- Official Name: Republic of Kazakhstan
- Official Languages: Kazakh (official state language), Russian (co-official language)
- Population: 18,708,352
- Kazakhstan’s population density is among the lowest in the world, with less than 15 people per square mile.
- Currency: Tenge (₸)
- Kazakhstan is a Central Asian country extending from the Caspian Sea in the west to the Altai Mountains at its eastern border with China and Russia.
- Capital: Nur-Sultan, formerly known as Astana.
- Nur-sultan is the second coldest capital city in the world after Ulaanbaatar in neighboring Mongolia.
- Government: Democratic, secular, unitary, constitutional republic
- The name “Kazakh” comes from the ancient Turkic word qaz, “to wander”, reflecting the Kazakhs’ nomadic culture.
- Kazakhstan mineral and fossil fuel resources are vast: the country has the world’s second largest uranium, chromium, lead and zinc reserves; the world’s third largest manganese reserves; the world’s fifth largest copper reserves; and ranks in the top ten for coal, iron, and gold. It is an exporter of diamonds, and has the world’s 11th-largest proven reserves of both petroleum and natural gas.
- Muslim (70%), Christian (mostly Russian Orthodox) (26%), Buddhist (0.2%), other or Jewish (0.1%), irreligious (3%), according to the 2009 census.
- Ethnic Kazakhs make up 67.5% of the population, and ethnic Russians account for 19.8%.
- Other minority groups include Tatars, Ukranians, Uzbeks, Belarusians, Uyghurs, Azerbaijanis, Dungans, Kalmyks, Chuvashes, Poles, and LIthuanians.
- Some minorities, including Ukranians, Koreans, Volga Germans, Chechens, Nekhetian Turks, and Russian political opponents of the regime, were deported to Kazakhstan in the 1930s and 1940s by Joseph Stalin. Some of the largest Soviet labor camps (Gulags) were located in the country.
- Many Kazakhstanis are practicing Muslims, so it is best not to give alcohol as a gift.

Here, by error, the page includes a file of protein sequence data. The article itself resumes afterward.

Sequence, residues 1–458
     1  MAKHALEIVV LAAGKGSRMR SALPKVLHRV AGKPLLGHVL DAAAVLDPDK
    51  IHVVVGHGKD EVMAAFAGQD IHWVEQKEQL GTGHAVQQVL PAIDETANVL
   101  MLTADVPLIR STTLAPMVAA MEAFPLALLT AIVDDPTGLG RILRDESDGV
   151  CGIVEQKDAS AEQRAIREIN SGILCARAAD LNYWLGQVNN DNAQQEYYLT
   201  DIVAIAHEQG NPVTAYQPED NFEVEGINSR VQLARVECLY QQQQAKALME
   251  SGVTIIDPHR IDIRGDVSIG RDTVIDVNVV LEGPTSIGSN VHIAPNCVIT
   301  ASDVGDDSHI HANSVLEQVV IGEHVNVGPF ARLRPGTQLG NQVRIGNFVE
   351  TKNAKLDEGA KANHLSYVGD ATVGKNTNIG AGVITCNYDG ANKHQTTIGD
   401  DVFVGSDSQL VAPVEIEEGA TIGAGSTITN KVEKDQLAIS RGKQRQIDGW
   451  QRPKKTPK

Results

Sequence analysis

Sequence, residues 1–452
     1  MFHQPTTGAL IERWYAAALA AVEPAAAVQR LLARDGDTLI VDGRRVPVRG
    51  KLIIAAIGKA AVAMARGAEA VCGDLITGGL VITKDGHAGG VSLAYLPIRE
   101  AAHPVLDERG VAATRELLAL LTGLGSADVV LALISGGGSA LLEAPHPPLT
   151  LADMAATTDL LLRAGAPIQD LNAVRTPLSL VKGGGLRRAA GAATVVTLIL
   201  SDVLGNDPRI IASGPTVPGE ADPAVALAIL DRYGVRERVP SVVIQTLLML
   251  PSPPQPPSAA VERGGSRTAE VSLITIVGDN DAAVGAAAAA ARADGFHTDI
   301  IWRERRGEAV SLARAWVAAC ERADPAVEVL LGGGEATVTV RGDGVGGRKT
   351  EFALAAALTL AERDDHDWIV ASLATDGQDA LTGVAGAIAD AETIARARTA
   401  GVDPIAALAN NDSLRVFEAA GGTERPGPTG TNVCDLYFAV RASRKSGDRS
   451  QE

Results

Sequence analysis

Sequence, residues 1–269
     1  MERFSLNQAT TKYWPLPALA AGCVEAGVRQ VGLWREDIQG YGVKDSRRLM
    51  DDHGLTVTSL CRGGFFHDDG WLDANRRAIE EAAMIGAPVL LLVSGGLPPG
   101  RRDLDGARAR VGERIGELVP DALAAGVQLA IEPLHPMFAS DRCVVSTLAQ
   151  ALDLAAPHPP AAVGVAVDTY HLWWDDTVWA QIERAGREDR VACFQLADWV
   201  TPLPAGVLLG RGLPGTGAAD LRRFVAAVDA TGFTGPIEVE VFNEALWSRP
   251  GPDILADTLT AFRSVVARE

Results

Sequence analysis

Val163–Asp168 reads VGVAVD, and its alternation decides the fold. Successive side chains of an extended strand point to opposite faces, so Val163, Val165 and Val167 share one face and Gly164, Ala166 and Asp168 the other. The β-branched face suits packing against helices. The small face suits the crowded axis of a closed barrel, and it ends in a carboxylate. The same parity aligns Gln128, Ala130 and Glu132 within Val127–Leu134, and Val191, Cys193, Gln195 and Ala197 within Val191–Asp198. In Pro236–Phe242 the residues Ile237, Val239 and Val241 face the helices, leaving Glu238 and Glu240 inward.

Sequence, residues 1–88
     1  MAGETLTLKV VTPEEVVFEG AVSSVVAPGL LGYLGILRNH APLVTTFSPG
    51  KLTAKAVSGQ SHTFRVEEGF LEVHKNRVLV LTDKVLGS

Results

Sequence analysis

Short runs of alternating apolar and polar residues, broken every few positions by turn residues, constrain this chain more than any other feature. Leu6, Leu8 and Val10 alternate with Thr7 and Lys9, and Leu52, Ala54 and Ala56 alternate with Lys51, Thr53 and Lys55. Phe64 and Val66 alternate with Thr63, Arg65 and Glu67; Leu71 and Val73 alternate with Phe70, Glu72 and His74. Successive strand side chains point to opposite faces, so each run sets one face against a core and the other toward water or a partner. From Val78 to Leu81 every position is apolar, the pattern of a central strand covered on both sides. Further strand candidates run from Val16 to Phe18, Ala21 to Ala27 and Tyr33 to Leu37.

- Seniority is greatly valued in Kazakhstan.
- It may be considered rude to ask about or discuss ethnicity, especially older individuals who may have grown up under the culturally oppressive USSR.
Economy & Doing Business:
- Kazakhstan has the largest and strongest economy in Central Asia.
- Kazakhstan’s biggest economic sector is energy, with petroleum and crude oil comprising 56% of the country’s exports.
- Kazakhstan leads the world for uranium production volumes. It has the world’s second largest uranium reserves after Australia.
- High-tech exports grew eight-fold from 1995-2014. This growth was due in part to a project funded by the World Bank Group in which 65 Kazakh tech startups received funding and training to get their innovations to markets.
- Other major exports include wheat, textiles, and livestock.
- Kazakhstan has actively worked to attract foreign investors, and the Ministry of Investment and Development estimated in 2016 that there were 200 investment projects in the country worth more than $40 billion.
- In 2017, Kazakhstan introduced visa-free entry for citizens of EAEU (Eurasian Economic Union), OECD member countries, Monaco, Malaysia, UAE, and Singapore. ** currently suspended **
- Kazakhstan’s main source of direct foreign investment is from the EU (over 50%), followed by the US (15%), UK(5%), and China (5%).
- The World Bank Group ranks Almaty, Kazakhstan’s most populous city in the Southeast region of the same name, as having the most business-friendly climate.
- Russian is the language of business in Kazakhstan, although multinational corporations with offices in the country may operate in another language such as English.
- Officials announced in June 2020 that the government will invest heavily into its 10 nature reserves and 13 national parks in an effort to boost ecotourism in the country. The development of this niche sector will absorb an estimated $1.2 billion by 2030.